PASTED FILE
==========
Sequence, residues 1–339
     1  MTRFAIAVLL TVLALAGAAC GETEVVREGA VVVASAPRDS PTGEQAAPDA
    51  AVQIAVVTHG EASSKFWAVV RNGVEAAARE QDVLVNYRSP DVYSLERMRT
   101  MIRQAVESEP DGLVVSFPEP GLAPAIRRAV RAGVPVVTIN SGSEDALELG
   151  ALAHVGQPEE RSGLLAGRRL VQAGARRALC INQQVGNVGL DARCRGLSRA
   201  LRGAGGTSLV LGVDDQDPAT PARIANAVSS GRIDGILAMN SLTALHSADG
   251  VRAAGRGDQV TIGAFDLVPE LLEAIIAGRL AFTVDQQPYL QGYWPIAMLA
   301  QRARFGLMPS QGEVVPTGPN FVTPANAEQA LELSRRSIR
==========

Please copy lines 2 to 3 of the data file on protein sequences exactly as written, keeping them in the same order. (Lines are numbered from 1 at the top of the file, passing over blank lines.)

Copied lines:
     1  MTRFAIAVLL TVLALAGAAC GETEVVREGA VVVASAPRDS PTGEQAAPDA
    51  AVQIAVVTHG EASSKFWAVV RNGVEAAARE QDVLVNYRSP DVYSLERMRT